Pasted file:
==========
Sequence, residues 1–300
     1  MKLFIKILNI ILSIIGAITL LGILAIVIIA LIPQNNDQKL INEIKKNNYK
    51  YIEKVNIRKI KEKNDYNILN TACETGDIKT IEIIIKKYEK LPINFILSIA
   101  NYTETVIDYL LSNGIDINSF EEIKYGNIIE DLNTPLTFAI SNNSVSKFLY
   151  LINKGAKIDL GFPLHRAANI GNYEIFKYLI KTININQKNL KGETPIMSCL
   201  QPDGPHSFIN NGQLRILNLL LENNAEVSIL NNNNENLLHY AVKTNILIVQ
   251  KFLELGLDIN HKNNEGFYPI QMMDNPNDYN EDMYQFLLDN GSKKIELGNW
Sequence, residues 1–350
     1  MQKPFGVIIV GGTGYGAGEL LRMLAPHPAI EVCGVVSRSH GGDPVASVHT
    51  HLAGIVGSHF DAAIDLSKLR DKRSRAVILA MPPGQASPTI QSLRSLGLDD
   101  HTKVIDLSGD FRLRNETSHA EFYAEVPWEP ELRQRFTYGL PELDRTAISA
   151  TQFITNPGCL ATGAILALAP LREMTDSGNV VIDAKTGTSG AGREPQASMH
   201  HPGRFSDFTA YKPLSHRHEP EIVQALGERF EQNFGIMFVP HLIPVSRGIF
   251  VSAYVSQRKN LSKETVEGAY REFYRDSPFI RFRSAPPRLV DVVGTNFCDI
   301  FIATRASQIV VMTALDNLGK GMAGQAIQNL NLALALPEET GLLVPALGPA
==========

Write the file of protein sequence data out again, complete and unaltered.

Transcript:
Sequence, residues 1–300
     1  MKLFIKILNI ILSIIGAITL LGILAIVIIA LIPQNNDQKL INEIKKNNYK
    51  YIEKVNIRKI KEKNDYNILN TACETGDIKT IEIIIKKYEK LPINFILSIA
   101  NYTETVIDYL LSNGIDINSF EEIKYGNIIE DLNTPLTFAI SNNSVSKFLY
   151  LINKGAKIDL GFPLHRAANI GNYEIFKYLI KTININQKNL KGETPIMSCL
   201  QPDGPHSFIN NGQLRILNLL LENNAEVSIL NNNNENLLHY AVKTNILIVQ
   251  KFLELGLDIN HKNNEGFYPI QMMDNPNDYN EDMYQFLLDN GSKKIELGNW
Sequence, residues 1–350
     1  MQKPFGVIIV GGTGYGAGEL LRMLAPHPAI EVCGVVSRSH GGDPVASVHT
    51  HLAGIVGSHF DAAIDLSKLR DKRSRAVILA MPPGQASPTI QSLRSLGLDD
   101  HTKVIDLSGD FRLRNETSHA EFYAEVPWEP ELRQRFTYGL PELDRTAISA
   151  TQFITNPGCL ATGAILALAP LREMTDSGNV VIDAKTGTSG AGREPQASMH
   201  HPGRFSDFTA YKPLSHRHEP EIVQALGERF EQNFGIMFVP HLIPVSRGIF
   251  VSAYVSQRKN LSKETVEGAY REFYRDSPFI RFRSAPPRLV DVVGTNFCDI
   301  FIATRASQIV VMTALDNLGK GMAGQAIQNL NLALALPEET GLLVPALGPA